|Type||Side dish or Main course|
|Place of origin||Netherlands|
|Main ingredients||Potatoes, various vegetables and/or fruit|
History and descriptionEdit
These vegetable pairings traditionally include sauerkraut, endive, kale, spinach, turnip greens, or carrot and onion (the combination of the latter two is known as hutspot in the Netherlands and as wortelstoemp in Belgium). Leafy greens such as endive may be left raw and added to the potatoes only at the mashing stage. Some less common regional varieties of stamppot are made with fruit and potatoes, such as blauwe bliksem (blue lightning), made with pears, and hete bliksem (hot lightning), made with sweet apples. Pineapple may also be included in sauerkraut or endive stamppot.In recent years, variations on the traditional stamppot have been becoming more and more popular with people adding ingredients such as rocket, leeks, beets, sweet potato, mushrooms and various other vegetables. Sometimes, fish is used as an ingredient in stamppot as well instead of serving it as a separate dish. Stamppot is primarily a cold-weather dish.
Stamppot is usually served with sausage (in the Netherlands often smoked, in Belgium more often fried), julienned bacon, or stewed meat. Other accompaniments include cheese, gherkins, nuts or pickled onions.
Prepared stamppot can be purchased from shops and supermarkets. It can also be ordered in cafe-style restaurants, but more strict recent regulations about allowed foods in taverns versus restaurants has restricted the custom of offering simple dishes in many Belgian pubs.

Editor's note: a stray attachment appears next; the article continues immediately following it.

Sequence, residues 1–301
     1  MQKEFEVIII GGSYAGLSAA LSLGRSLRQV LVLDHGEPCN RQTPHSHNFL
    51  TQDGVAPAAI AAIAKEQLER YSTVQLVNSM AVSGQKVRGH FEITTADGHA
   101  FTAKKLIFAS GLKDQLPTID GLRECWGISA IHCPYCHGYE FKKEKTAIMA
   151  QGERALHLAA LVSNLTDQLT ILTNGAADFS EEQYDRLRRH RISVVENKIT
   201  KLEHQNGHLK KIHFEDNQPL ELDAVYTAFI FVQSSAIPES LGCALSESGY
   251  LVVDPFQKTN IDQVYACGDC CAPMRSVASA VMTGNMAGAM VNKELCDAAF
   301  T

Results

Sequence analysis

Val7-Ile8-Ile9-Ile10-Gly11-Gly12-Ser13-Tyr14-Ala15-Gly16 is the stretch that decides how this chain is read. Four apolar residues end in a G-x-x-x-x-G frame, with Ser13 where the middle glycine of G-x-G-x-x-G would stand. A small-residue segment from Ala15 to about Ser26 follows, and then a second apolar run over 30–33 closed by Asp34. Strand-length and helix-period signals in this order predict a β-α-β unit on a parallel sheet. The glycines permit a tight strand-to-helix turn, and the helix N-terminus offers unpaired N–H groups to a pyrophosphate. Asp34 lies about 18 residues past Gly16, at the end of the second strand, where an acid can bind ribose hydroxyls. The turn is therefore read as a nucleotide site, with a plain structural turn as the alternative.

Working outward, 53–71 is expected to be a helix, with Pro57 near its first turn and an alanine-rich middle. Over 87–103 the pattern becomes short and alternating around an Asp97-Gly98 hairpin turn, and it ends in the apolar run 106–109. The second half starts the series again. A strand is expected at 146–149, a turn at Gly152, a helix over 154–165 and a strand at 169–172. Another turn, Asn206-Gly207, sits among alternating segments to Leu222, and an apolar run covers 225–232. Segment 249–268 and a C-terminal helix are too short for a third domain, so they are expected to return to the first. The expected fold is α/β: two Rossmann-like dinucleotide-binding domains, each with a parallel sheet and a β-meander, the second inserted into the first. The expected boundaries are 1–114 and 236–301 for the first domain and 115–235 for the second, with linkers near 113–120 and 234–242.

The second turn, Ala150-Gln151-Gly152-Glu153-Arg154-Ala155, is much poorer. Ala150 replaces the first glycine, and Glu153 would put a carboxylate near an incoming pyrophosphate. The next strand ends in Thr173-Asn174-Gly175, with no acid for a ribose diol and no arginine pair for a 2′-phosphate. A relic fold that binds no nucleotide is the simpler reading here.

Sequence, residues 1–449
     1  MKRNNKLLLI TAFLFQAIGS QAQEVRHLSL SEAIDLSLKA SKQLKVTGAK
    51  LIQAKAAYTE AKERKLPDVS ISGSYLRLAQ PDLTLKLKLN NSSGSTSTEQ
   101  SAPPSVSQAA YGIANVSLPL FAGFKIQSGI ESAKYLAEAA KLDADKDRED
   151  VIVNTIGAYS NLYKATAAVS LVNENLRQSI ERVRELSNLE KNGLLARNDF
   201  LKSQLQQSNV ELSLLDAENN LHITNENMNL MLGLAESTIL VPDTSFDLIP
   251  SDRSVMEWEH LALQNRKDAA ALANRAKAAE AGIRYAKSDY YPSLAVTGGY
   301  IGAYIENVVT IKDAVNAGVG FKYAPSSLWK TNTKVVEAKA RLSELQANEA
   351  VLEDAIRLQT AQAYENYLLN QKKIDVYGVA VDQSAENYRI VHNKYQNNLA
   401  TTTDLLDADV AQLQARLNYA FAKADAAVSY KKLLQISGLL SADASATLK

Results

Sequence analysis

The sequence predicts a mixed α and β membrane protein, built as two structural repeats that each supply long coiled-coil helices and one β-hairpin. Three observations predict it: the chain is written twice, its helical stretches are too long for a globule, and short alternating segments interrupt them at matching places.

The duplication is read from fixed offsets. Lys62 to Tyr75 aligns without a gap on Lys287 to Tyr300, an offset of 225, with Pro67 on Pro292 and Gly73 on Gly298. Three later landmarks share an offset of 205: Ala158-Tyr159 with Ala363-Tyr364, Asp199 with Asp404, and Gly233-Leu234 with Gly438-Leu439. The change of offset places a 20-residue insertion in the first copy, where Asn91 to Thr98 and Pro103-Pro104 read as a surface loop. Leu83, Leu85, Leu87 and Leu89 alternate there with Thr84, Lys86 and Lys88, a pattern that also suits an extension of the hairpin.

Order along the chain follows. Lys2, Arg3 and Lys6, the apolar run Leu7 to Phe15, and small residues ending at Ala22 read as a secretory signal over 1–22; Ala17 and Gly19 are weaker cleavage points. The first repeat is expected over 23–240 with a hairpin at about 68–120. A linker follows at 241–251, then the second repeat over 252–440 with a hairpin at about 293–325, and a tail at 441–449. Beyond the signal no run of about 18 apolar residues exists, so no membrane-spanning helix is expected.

The origin of stamppot is unknown, although legend attributes the invention of hutspot to 1574. Using raw leafy vegetables instead of cooking them with the potatoes has not been dated to earlier than 1940.
There are two methods of preparing stamppot, the first being the more modern form:
- Stamppot is prepared by boiling the vegetables and potatoes separately. Once done, the potatoes are added to the same pot as the vegetables and all are thoroughly mashed together. Rookworst, a type of smoked sausage, is the preferred piece of meat to be added to the dish in the Netherlands.
- Stamppot can also be made in a single pot. Potatoes and the vegetable(s) or fruit of choice are placed in the pot. Water is added, and the mixture is left to boil. After the vegetables are cooked and drained, some milk, butter and salt are added, and the vegetables are mashed together. Sometimes the same pot is used to warm sausage as well, but those aren't mashed in. An example often cooked by this method is hutspot with carrots and onions as vegetables.
Lardons (spekjes) are often added for flavoring. It is also common to make a small hole in the top of the mix on the plate and fill it with gravy, known in Dutch as a kuiltje jus (little gravy pit).
- Biksemad, from Denmark
- Bubble and squeak, from England
- Champ, and Colcannon, from Ireland
- Rumbledethumps, from Scotland
- Roupa velha (Portuguese for "old clothes"), from Portugal, often made from leftovers from Cozido à Portuguesa
- Stoemp, from Belgium
- Trinxat, from the Empordà region of Catalonia, northeast Spain, and Andorra
- Caldo verde, a Portuguese soup with similar ingredients.
- "Andijviestamppot met ananas" [Endive stamppot with pineapple]. Recepten.net (in Dutch). Retrieved 12 October 2015.
- Albala, Ken, ed. (2011). Food Cultures of the World Encyclopedia. Greenwood. p. 251. ISBN 978-0313376269. Retrieved 12 October 2015.
- "Zuurkoolstamppot met ananas" [Sauerkraut stamppot with pineapple]. Unox.nl (in Dutch). Retrieved 12 October 2015.
- "10 traditional Dutch recipes — not all of which involve potato". DutchNews.nl. 20 February 2015. Retrieved 12 October 2015.
- "Gezocht: vooroorlogse stamppot rauwe andijvie" [Seeking: pre-war recipes for stamppot with raw endive]. Historiek.net (in Dutch). Retrieved 12 October 2015.
- Holten, Nicole (9 October 2010). "Boerenkool met worst". TheDutchTable.com. Retrieved 11 October 2015.
|Wikimedia Commons has media related to Stamppot.|
- Bates, J (1988). Let's Go Dutch, van der Zeijst Publishing, pp. 83–84